Ways of researching film at the State Library Victoria
Australia has a rich history of film culture. The first film shot in Australia was the 1896 Melbourne Cup and the world's first first full length silent feature The Story of the Kelly Gang was exhibited to huge crowds in Melbourne in 1906.
For much of the silent era Australia made many films but by the 1950s and 60's feature film production was almost non-existent. In the 1970s film production in Australia increased and maintained regular output, mainly thanks to ongoing financial support from the Australian government.
This page is to assist those researching Australian and or New Zealand film.
When using the default search be aware that for many Australian films and the people involved in them there may not be any results (as the amount of books published on Australian cinema is quite small). By checking Australian film reference books you may uncover information about your research within listings about other books, newspapers, and magazines.
For a broader range of resources, instead of the default "Everything but Articles" option, choose "Articles". This will search full text newspapers and magazines. You can then use the "Refine results by" option to narrow to more relevant results.
You may want to limit results by using search filter function and removing the Pictures resource type from the search parameters under 'Refine results by'.
By using the Trove digitised newspaper database you can locate many of the major papers, which are digitised until the mid 1950s (except the daily newspaper The Canberra times held until 1995). Much of the Trove film related material will be advertisements, as well as the occasional film review and production report.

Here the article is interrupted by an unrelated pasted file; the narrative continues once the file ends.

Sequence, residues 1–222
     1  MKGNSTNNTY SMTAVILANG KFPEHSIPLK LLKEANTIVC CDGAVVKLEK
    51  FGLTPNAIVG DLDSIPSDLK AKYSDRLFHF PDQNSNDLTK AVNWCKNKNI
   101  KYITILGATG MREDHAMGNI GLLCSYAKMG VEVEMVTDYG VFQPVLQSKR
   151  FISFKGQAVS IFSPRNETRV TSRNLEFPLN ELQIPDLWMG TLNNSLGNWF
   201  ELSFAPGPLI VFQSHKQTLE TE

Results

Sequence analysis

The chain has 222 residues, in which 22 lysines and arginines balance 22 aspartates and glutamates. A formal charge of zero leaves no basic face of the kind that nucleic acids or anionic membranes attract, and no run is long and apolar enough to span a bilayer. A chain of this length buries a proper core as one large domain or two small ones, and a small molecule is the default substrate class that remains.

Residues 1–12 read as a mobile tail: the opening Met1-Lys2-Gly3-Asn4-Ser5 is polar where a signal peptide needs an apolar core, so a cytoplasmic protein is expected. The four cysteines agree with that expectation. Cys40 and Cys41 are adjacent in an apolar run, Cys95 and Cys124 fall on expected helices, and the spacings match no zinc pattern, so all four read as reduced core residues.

For more details on searching Australian Newspapers check the State Library Victoria Newspaper Research Guide.
State Library Victoria holds many unique objects and files relating to film in Australia. Some of these items include:
From the 1970s, the Australian Federal Government has provided substantial funding for Australian feature films, shorts, and experimental and art cinema and television.
For Australian documentary, government funding goes back to the 1940s. Without government funding the Australian film industry would be a shell of what it is today.
The major government funding and development body is Screen Australia (founded in 2008). This body handles film and documentary development, production funding.
They publish The screen guide, a database of production details about Australian film and documentary (from 1970 onwards).
Screen Australia has plenty of information and data on Australian film/tv on their site including box office, budget statistics, ratings etc. For this information search the Fact finders section of the website.
The State Library Victoria has a number of items published by Screen Australia.
Before Screen Australia, film development was handled by the Australian film commission (1975-2008), production funding by the Film finance corporation of Australia (1988-2008) (aka Australian film finance corporation), and documentary development and production funding was through Film Australia (1973-2008) (previously the Australian national film board and the Australian Commonwealth film unit).
State level funding and administration bodies fulfill a very important function for all levels of filmmakers.
Victoria's development and funding body is called Film Victoria. The other state and territory film development bodies are:
A number of reports by these bodies are held at the State Library Victoria and other institutions.